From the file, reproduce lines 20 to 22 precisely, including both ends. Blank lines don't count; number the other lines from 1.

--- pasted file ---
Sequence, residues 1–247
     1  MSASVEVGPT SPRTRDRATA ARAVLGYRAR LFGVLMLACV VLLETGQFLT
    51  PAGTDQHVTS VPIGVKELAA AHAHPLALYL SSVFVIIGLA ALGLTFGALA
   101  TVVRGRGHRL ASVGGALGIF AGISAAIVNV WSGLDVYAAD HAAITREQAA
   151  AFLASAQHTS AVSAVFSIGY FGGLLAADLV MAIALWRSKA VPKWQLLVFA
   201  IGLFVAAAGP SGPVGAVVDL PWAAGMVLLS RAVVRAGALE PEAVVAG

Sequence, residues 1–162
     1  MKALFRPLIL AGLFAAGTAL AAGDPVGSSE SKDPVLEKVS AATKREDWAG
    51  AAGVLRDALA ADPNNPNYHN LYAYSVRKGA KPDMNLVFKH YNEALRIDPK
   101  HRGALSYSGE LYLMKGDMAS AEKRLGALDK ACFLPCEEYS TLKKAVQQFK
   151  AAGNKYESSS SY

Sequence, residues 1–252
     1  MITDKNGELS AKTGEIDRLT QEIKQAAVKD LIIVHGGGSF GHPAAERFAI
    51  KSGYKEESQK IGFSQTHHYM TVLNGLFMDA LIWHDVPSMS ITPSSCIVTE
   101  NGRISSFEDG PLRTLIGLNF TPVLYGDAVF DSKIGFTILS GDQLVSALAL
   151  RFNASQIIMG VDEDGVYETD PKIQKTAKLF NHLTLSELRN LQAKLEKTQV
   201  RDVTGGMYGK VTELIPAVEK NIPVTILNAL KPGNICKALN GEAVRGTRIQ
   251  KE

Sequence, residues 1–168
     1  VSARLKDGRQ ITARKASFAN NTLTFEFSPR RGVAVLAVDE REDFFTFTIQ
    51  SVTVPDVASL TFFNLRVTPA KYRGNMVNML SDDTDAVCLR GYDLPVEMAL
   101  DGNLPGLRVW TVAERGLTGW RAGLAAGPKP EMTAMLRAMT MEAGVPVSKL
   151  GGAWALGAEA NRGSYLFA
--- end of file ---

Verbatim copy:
     1  VSARLKDGRQ ITARKASFAN NTLTFEFSPR RGVAVLAVDE REDFFTFTIQ
    51  SVTVPDVASL TFFNLRVTPA KYRGNMVNML SDDTDAVCLR GYDLPVEMAL
   101  DGNLPGLRVW TVAERGLTGW RAGLAAGPKP EMTAMLRAMT MEAGVPVSKL